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Adventure Calls

Fantasy Roleplaying Game

  • Medium to High Crunch

  • Highly Customizable

Coming Soon!
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How are Adventure Calls games different?

If you are unfamiliar with AC, don’t worry, it’s not so different from other roleplaying systems.  It isn’t quite the same however, if it was there would be no reason to buy this book!  There are dozens if not hundreds of small and subtle differences of mechanics and flavor in AC, but there are 5 fundamental differences that make playing AC feel unique.

Calibrated Dice Pairs

AC primarily has the players roll dice pairs to determine the results of things like combat and skill checks.  The dice pairs were chosen to obtain bell-curve-like results that are more predictable so players make more informed decisions.  It also reduces the often wild swing of combat with single dice.  Big hits and misses occurring more rarely and matter more.  Different dice pairs are assigned to different actions to reflect how much randomness plays into those actions.  Skill checks use 2d6 to keep the randomness fairly low, while combat uses 2d10 to reflect the more chaotic situation of battle.


No Character Classes

There are no preset character classes, professions, or careers in AC.  The system is primarily Skill based, and the choices you make during character creation and when leveling up define your character.  This allows you to create just about any class equivalent you want without being locked into class restrictions and static development paths.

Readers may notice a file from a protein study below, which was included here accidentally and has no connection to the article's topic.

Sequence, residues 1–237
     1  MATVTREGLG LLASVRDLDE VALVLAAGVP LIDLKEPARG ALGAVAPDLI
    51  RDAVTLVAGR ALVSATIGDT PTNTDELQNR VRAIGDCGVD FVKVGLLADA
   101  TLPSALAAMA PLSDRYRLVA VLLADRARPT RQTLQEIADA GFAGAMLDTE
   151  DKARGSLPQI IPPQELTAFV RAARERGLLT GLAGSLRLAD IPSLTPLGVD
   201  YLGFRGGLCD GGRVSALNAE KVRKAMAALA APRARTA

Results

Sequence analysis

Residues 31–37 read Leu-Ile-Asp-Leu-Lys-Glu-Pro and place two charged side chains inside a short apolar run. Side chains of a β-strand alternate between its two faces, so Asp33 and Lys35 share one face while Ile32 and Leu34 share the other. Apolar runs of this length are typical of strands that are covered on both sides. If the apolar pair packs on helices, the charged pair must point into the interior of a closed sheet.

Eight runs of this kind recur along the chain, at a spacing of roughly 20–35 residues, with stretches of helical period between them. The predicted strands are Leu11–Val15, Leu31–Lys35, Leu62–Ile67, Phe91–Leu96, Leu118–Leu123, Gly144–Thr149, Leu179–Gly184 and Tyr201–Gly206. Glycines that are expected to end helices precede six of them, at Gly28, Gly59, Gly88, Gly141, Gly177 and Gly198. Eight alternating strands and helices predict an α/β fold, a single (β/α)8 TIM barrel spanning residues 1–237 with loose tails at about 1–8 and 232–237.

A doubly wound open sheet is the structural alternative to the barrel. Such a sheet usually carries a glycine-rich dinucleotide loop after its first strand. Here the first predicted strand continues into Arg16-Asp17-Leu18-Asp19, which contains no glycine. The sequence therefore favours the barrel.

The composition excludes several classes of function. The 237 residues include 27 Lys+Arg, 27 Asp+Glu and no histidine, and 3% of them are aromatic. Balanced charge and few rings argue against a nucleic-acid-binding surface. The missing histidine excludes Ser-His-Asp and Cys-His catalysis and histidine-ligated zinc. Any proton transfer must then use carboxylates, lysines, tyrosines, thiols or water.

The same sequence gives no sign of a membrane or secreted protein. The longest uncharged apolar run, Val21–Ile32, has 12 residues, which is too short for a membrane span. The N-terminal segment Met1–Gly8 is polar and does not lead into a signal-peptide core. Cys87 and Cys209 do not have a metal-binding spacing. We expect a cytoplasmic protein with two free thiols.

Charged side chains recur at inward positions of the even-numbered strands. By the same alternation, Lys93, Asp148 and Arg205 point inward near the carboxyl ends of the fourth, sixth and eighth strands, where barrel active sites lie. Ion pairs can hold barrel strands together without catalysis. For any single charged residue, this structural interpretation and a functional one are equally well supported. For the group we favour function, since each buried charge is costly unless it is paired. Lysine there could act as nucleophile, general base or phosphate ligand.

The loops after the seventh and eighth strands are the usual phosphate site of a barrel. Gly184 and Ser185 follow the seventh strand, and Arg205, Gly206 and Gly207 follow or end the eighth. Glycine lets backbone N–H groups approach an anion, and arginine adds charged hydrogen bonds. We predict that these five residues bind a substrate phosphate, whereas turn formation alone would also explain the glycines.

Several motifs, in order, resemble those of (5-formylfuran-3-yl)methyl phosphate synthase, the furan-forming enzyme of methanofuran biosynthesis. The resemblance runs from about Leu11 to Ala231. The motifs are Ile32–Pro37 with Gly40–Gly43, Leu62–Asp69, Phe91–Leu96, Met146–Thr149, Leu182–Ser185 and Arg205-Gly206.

Simple But Strategic Thinking

AC’s mechanics are designed to give PCs bonuses to apply to their combat skills, and these bonuses grow until they outweigh the combat roll itself.  This is done because you have to decide HOW to use your points during combat.  You divvy up this bonus and apply portions of it to Attack rolls, Defense bonus, and even Injury rolls.  You need to balance attack vs defense, speed vs power.  This gives you opportunities to try different strategies and change the flow of combat.

More Player Control

You are given more control over the narrative and how events in the game affect their character.  In particular, PCs have 3 traits that work together like “hit points”.  One for mental stress, one for physical stress, and one for direct physical injury.  Whenever your PC takes damage you get to decide how to apply those points against those 3 traits.  This not only controls the mechanics of how the PC is damaged, but lets you define the narrative in game to reflect that choice.   For example, let’s say your PC was hit by an arrow for 5 points of damage.  You can choose to apply all or most of the points against your PC’s Stamina trait and explain to everyone how the arrow hit hard on your shoulder, but you rolled with the blow, so the arrow didn’t penetrate.  Or maybe you decide that the arrow hit your breastplate right over the heart, but only dented it.  No physical damage, but it scared the crap out of you, causing you to lose 5 points of Resolve.

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